A captive insurance company (CIC) can provide many benefits. The feasibility study identifies these benefits, and determines if a solid business case can be made for a CIC’s formation.
Our preliminary assessment is an excellent 1st step. A formal feasibility study can be completed in connection with assembling a license application post engagement, or if your project is complex, a formal feasibility step is usually a required first step as no one is able to devote a substantial amount of time without fair compensation on complex captive projects.
Our managing director has prepared captive feasibility studies for several of the largest captive management firms on projects domiciled in most top on and offshore domiciles. We require independent actuarial involvement with all our feasibility studies.
Many actuaries providing services to captive managers now offer feasibility studies, not merely actuarial reports. This is a recent trend.
Basic Elements of a Feasibility Study
Here are the core components of a feasibility study:
- current insurance coverage review and analysis
- enterprise wide risk assessment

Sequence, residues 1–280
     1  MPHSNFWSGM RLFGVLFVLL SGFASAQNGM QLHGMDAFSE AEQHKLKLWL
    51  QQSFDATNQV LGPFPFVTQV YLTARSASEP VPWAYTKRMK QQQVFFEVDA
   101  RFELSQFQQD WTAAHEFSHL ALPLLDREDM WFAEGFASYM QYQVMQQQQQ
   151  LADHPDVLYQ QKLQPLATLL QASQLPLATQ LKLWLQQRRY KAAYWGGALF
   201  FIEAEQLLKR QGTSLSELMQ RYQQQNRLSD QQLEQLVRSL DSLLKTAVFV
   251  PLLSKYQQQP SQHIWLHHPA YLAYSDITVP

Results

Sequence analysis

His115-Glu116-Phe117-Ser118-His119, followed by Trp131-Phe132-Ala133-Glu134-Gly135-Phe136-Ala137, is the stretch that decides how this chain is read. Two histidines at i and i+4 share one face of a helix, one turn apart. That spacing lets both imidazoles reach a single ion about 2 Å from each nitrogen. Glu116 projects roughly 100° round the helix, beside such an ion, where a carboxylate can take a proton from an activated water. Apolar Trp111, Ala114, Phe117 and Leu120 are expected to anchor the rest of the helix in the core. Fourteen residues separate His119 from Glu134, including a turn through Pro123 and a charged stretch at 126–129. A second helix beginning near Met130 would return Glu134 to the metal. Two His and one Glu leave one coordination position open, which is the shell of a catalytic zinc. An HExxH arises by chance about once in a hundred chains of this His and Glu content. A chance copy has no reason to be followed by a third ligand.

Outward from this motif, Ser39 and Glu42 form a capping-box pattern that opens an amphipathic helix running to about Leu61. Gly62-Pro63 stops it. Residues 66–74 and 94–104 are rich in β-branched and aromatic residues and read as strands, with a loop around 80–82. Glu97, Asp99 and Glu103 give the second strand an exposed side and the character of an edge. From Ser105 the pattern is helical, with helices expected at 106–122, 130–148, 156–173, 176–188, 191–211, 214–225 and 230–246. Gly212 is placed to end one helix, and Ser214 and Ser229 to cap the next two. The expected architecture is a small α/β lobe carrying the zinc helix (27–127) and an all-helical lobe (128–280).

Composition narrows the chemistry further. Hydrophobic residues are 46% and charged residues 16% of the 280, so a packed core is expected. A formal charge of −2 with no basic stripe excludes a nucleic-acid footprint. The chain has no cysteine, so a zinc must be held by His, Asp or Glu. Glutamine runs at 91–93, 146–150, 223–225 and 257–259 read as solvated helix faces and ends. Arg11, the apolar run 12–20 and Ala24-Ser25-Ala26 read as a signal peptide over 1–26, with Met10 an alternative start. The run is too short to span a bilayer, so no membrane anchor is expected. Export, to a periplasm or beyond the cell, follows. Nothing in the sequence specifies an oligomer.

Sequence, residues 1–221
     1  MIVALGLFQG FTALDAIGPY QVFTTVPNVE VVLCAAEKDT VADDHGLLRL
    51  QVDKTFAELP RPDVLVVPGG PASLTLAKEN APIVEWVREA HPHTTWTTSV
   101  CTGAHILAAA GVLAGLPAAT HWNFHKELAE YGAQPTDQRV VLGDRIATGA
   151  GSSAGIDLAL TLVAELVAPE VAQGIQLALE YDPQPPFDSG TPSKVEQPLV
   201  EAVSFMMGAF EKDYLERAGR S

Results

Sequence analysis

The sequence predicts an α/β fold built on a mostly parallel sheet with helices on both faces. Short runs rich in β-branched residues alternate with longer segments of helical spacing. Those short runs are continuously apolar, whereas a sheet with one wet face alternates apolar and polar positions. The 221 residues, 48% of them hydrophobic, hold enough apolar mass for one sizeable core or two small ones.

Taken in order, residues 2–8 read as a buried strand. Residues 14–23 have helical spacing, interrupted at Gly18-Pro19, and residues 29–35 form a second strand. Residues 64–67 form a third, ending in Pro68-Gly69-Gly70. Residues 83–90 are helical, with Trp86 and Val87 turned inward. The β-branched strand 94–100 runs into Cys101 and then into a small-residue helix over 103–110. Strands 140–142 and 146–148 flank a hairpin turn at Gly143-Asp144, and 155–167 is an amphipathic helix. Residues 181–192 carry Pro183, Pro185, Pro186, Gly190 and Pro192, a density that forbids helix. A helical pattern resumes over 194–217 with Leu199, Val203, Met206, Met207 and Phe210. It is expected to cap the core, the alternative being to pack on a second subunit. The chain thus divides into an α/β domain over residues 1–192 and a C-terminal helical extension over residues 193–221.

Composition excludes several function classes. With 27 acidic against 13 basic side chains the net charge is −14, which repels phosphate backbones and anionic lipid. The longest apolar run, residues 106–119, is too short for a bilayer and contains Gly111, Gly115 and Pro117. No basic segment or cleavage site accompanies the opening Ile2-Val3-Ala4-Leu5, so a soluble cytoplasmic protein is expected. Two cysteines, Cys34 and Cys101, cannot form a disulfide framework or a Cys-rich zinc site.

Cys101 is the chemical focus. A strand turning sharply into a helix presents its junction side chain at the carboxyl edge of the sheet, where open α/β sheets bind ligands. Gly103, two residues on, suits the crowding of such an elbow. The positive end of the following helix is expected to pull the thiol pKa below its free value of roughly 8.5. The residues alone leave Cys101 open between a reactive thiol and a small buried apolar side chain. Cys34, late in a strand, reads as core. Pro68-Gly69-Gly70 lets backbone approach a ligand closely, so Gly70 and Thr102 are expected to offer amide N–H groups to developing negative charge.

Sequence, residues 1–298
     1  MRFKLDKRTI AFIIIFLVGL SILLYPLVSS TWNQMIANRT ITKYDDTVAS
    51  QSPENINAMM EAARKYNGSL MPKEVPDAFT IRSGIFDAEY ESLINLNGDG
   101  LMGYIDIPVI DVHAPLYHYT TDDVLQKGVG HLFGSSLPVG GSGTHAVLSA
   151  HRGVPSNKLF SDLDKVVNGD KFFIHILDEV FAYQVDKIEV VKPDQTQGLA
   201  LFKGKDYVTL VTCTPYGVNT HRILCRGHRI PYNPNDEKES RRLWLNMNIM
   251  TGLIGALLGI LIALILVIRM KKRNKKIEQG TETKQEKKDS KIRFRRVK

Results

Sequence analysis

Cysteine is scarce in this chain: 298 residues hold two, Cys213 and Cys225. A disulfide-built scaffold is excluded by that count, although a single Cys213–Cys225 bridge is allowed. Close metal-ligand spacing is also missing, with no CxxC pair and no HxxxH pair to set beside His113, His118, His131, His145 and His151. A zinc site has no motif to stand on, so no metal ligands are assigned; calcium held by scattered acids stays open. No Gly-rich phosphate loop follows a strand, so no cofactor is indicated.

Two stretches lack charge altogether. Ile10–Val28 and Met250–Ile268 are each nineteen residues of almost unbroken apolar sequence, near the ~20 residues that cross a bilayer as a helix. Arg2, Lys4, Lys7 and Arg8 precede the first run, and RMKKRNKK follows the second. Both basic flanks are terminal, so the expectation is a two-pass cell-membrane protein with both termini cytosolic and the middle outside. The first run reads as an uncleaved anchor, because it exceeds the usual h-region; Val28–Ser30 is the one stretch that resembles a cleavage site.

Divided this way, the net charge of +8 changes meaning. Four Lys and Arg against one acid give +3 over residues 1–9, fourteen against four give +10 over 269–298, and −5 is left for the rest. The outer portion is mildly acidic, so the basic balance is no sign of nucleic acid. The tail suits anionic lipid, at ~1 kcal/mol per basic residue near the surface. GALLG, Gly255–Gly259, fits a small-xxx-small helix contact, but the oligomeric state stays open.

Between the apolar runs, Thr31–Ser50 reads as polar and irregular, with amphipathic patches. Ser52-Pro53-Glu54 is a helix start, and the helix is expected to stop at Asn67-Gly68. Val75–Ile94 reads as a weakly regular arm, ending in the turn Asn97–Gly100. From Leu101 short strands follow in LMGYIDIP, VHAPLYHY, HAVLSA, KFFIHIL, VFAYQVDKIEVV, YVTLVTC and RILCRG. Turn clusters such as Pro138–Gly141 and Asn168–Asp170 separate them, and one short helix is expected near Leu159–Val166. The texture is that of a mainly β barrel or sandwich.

- proposed captive coverage design (insureds, policies, pricing, fronting parties and requirements, pooling requirements, loss collateral requirements, etc. – your design will vary depending on who you decide to work with – no two captive service providers will come up with the same design unless you hire an expert to create a request for proposal (RFP) that must be adhered to)
- capitalization and reserves required
- actuarial analysis (quantitative examination to determine expected losses, profitability and solvency ratios)
- business, financial and operation plan
- financial projections for captive operations
- accounting and tax considerations
- domicile options and recommendation
- ownership decisions
- management team
- service providers (should reflect expected terms of engagement even if not yet engaged)
Please contact us to determine if preparing a feasibility study is the next best step for you to determine if a captive makes sense for your organization.